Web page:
The basic idea behind the evaluations is straightforward: ineffective teachers can be removed and effective teachers rewarded based on how well they teach, as measured by how well their students score on standardized math and English tests.
And here the question of the fair and accurate measurement of effectiveness enters.
Teachers and their unions protest that students’ test scores and overall academic achievement are the result of not only the quality of teaching, but also and perhaps more importantly the life experiences students bring into the classroom. Teacher evaluations based primarily on test scores and not on other ways teachers can attend to learning in the classroom and advance student growth, they say, have become an excuse for reducing payrolls and closing schools, rather than rewarding good teachers.
Adam Urbanski, vice president of the American Federation of Teachers, the largest teachers union in the US, calls the linking of punishments and rewards for teachers to student test scores “nonsense.”
“That approach presumes that teachers are just holding back, withholding excellent teaching, which is nonsense,” says Urbanski. “This assumes teachers are the problem. Teachers are the solution.”
The public and policymakers fully accept the teachers unions’ mantra that “teachers are the solution”, and are willing to take the risk that rigorous evaluations will markedly improve teacher quality. Seventeen states and the District of Columbia now use student achievement as the primary criterion in evaluating teachers, up from just four states in 2009.
Evaluation as a process
The teacher evaluation process may not be perfect in the eyes of the public, but it is perfectible.
No one learned much that was useful from the traditional pass or fail system of evaluations for public school teachers. Today - after two decades of data-driven innovations in the private business sector - Americans recognize evaluation as a process by which an organization can continuously clarify and sharpen its mission, improve measurement of its processes and their outcomes, and respond to what has been learned, only to reexamine it later, seeking an even better response.
Over the past 20 years Americans have become focused on value: a quality product for a reasonable price. In previous decades public frustration may have taken the form of marches and demonstrations in the streets. Today, Americans prefer a problem-solving approach. They have come to see evaluation as a key process in an organization - public or private - that continuously shapes and reshapes itself based on data. They see evaluation, in other words, as a promising way to add value to their lives and that of their children.
The process of evaluating teachers is evolving, but the American public is unlikely to step away from it, especially the reliance on standardized test scores. Through trial and error, parents and policymakers can be expected to work with local school districts and states to design evaluations systems that measure the right indicators so that teachers can manage their classrooms, administrators can manage schools, and students can manage their academic paths.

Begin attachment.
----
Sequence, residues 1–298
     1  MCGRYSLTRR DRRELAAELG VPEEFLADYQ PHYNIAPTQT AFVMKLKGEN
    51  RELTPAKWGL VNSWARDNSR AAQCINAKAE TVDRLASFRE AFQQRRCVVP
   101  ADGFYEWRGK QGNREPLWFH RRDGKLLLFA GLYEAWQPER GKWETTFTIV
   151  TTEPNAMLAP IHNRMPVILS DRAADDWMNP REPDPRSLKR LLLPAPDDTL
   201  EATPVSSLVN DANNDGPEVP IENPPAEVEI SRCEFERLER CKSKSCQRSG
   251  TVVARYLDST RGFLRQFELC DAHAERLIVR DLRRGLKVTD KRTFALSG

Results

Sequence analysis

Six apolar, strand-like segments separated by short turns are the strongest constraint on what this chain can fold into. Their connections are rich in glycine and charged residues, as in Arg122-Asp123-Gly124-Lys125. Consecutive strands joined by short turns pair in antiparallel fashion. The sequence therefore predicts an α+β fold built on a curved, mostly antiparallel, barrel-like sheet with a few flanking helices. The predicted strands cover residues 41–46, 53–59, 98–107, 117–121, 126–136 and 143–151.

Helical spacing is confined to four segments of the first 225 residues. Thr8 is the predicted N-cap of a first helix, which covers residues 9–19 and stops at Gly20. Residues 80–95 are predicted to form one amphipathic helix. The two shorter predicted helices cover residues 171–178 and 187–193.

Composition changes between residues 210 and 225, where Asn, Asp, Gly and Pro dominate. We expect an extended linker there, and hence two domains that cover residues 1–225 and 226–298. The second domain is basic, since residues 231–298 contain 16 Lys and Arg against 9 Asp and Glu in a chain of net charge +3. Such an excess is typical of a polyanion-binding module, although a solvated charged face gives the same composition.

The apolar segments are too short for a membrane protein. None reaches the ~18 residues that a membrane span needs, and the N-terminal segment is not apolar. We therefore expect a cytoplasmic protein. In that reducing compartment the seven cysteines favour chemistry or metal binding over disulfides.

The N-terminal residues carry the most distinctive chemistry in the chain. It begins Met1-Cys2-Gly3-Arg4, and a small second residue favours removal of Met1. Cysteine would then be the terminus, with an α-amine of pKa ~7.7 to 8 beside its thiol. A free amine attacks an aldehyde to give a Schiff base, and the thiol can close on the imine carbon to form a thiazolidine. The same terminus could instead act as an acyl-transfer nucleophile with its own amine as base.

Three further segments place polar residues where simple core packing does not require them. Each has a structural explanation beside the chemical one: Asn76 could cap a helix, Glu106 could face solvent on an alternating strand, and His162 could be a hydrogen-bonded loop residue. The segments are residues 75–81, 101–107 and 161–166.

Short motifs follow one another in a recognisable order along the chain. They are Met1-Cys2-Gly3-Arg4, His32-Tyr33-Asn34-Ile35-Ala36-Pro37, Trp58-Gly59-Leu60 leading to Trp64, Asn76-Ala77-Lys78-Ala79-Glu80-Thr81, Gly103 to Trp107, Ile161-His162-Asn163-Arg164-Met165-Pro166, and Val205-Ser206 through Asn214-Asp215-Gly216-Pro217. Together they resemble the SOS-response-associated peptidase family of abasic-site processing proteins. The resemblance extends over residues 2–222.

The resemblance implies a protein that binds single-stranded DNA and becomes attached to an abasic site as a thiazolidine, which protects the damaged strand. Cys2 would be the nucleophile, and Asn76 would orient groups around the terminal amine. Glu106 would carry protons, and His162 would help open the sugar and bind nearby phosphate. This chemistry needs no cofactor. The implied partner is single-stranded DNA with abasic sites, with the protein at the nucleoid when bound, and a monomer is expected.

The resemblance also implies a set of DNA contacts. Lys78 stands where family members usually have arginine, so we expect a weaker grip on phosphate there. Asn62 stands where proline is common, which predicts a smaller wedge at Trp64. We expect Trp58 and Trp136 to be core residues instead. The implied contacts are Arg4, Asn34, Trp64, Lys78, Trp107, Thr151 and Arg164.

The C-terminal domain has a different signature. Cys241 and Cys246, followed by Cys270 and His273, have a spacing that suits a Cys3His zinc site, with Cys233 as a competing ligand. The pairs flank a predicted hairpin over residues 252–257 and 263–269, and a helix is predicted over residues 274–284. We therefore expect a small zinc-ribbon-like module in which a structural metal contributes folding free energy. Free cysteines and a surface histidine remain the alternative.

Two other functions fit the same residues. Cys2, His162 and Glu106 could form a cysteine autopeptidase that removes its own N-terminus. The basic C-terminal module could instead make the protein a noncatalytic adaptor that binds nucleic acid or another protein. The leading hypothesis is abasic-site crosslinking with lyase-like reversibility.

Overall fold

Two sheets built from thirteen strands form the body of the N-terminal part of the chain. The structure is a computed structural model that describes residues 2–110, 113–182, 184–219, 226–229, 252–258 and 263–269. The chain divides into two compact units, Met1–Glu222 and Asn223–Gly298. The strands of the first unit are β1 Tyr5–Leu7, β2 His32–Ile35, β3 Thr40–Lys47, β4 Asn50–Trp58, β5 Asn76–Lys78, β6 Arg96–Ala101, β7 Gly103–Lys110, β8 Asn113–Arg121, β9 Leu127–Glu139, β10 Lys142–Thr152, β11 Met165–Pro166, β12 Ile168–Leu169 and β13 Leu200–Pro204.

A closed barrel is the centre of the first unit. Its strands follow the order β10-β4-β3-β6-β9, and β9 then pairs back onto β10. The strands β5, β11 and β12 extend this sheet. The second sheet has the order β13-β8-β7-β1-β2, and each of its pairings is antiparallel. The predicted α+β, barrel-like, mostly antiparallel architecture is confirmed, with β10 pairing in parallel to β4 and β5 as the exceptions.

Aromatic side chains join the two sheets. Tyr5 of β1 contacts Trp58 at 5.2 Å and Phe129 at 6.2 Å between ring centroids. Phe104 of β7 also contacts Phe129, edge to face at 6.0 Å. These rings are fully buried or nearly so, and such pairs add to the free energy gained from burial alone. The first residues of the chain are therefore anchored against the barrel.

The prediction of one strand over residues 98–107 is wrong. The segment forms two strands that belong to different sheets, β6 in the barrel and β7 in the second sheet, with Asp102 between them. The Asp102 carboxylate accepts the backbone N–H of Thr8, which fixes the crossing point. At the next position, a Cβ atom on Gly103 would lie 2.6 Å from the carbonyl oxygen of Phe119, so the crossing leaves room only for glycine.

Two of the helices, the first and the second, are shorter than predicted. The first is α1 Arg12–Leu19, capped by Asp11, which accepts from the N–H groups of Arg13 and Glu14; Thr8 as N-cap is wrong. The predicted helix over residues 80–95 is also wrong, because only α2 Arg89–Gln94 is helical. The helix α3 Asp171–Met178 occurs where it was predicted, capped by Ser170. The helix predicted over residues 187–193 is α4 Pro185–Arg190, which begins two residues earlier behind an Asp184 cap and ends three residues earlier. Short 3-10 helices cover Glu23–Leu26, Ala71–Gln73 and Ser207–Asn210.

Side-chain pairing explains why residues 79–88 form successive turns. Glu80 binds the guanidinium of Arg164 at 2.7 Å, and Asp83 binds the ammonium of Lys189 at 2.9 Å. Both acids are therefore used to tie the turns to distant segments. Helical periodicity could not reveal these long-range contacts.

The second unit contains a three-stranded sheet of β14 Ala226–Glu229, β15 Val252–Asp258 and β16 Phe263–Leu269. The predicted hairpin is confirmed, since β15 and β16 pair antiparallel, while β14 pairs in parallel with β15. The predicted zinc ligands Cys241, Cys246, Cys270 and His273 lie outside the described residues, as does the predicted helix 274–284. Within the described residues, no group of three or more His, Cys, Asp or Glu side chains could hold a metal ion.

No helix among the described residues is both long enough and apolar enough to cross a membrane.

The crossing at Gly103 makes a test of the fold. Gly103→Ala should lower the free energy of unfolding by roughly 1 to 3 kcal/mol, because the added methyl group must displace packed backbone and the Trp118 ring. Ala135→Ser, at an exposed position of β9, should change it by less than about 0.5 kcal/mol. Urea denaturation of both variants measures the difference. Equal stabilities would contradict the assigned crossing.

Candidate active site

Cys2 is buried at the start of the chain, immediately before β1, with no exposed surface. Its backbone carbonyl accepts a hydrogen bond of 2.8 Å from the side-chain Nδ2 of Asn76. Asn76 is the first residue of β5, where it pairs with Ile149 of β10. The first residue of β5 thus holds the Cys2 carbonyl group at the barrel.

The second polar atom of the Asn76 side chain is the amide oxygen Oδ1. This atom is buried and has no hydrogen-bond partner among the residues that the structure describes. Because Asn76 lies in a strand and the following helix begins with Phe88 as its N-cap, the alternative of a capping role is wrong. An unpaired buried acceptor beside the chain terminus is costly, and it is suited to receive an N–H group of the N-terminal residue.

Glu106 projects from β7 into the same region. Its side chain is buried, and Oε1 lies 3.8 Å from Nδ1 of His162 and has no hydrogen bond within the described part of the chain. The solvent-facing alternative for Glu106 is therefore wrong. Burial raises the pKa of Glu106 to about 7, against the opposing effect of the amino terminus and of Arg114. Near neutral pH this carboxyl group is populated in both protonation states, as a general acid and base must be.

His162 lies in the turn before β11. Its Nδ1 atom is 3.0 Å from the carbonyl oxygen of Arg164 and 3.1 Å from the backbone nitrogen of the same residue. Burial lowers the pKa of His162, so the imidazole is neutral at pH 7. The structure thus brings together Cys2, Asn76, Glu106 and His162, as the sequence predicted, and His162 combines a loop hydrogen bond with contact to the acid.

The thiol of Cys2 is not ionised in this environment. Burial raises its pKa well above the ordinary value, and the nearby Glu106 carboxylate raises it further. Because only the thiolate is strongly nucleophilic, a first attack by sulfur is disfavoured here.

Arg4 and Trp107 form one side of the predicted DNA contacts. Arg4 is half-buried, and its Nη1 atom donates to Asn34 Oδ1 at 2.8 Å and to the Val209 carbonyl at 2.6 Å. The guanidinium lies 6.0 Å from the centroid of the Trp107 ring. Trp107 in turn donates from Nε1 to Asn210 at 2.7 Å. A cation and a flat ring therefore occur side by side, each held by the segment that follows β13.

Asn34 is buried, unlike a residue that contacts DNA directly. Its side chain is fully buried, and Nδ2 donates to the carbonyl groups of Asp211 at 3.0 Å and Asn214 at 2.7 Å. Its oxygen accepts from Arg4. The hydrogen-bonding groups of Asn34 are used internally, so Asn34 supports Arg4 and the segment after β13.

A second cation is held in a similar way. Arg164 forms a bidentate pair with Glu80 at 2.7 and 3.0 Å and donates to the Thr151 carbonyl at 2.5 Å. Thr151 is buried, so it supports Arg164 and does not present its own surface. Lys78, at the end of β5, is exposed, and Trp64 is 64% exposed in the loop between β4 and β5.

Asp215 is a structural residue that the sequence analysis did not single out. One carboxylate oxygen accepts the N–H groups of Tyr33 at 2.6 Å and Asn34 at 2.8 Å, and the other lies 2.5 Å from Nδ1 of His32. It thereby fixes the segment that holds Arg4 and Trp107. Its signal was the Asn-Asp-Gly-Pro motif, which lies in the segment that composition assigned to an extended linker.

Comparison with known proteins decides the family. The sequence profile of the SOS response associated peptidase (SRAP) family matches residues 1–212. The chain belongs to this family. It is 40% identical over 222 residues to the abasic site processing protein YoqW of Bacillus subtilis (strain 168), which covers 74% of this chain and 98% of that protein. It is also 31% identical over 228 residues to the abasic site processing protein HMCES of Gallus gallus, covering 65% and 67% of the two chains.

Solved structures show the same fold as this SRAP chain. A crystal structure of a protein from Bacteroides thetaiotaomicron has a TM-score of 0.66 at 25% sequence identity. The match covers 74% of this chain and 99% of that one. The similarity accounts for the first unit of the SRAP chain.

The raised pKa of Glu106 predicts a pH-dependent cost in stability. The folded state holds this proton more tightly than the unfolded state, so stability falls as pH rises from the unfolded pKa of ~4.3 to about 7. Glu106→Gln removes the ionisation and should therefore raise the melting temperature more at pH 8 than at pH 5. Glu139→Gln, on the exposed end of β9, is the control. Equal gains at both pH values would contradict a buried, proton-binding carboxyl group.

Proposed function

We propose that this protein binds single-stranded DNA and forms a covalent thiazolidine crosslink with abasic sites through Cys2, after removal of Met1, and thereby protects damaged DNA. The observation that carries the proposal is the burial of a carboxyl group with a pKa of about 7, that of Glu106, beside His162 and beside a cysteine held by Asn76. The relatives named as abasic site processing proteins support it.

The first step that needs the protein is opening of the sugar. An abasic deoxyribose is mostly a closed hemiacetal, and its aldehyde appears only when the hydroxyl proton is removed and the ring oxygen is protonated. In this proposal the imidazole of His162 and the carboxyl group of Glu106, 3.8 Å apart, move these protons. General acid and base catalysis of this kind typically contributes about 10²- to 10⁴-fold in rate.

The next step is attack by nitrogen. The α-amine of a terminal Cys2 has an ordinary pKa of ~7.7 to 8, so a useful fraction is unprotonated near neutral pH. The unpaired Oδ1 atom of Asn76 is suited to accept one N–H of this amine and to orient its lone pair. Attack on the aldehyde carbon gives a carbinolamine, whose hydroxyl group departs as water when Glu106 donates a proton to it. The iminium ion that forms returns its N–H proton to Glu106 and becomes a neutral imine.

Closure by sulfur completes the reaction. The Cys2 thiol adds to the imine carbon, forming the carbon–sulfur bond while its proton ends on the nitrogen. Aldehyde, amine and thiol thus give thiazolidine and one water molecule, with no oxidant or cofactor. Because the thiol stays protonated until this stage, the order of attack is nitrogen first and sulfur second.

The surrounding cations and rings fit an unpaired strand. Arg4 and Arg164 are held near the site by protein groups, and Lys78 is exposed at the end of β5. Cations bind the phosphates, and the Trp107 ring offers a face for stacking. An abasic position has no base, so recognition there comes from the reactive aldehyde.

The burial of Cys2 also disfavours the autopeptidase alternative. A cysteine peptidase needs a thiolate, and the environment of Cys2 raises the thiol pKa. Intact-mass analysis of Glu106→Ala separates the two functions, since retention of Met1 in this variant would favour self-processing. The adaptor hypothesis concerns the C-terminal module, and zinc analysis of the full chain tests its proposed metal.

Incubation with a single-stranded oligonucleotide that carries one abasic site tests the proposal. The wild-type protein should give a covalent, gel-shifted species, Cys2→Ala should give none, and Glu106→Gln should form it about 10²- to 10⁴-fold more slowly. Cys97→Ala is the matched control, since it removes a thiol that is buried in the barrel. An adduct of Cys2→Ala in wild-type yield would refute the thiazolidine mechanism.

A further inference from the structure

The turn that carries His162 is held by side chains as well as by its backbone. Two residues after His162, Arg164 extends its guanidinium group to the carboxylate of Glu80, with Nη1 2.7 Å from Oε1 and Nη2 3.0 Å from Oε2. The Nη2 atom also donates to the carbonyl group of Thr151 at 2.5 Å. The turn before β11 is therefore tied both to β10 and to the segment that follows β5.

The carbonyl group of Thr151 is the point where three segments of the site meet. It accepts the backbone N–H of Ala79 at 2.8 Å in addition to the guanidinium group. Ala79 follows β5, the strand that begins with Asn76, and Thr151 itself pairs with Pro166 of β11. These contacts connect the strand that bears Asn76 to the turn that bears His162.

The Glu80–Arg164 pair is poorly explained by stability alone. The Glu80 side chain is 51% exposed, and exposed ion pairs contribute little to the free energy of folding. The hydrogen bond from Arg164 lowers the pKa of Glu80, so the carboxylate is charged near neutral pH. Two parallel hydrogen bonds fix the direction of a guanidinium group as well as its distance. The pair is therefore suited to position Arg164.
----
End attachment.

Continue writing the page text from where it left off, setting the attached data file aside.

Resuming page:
Parents have watched with frustration as their children have been the focus of experimentation in the schools. Now teachers in public school districts are also targets of experimentation, as befits a learning organization, and there is no turning back.
Janelle Duda and John Klofas, Evaluation Issues: A Practical Discussion for Small Agencies and Not-for-Profit Organizations, Center for Public Safety Initiatives, Rochester Institute of Technology, August 2012.
Dave McCleary, “Teacher Evaluation Bill Passed But Issues Surrounding It Remain”, Minority Reporter, June 25-July 1, 2012.
*Tony Favro also maintains the blog Planning and Investing in Cities.
The 2011 film 'Bad Teacher' depicts a dope-smoking, drinking female teacher who ultimately comes good
Also by Tony Favro
Discipline and civil rights in American
Discipline may be necessary for ensuring responsible student behavior, but “the application of discipline is unfair and unequal” in American state schools. Moreover, many student disciplinary practices employed by local state school systems may result in violations of US Civil Rights Law. Those are the findings of Discipline Policies, Successful Schools, and Racial Justice, a report by Dan Losen of The Civil Rights Project of the University of California at Los Angeles.
The study, published in October 2011, is receiving national attention from urban state school districts across the United States. It documents a trend in which minority students routinely receive major penalties, including school suspensions, for minor offenses.
Analyzing data from the US Department of Education, the report found that African-American males are punished with out-of-school suspensions at three times the rate of white males, and African-American females are suspended at four times the rate of white females. Disabled students are also suspended disproportionately. Only five per cent of all out-of-school suspensions are for dangerous infractions, such as violence or possession of guns or drugs; the remaining ninety-five percent fall into two categories, “disruptive behavior” and “other”.
The numbers are huge 3.3 million youth, or seven per cent of the public school students in the United States, have been suspended at least once and the report shows that the suspensions for minor infractions are having a detrimental effect on learning as students miss “important instructional time and are at greater risk of disengagement and diminished educational opportunities.” The report urges the federal government to begin to collect detailed data down to the school level on the large number of students kicked out each day. More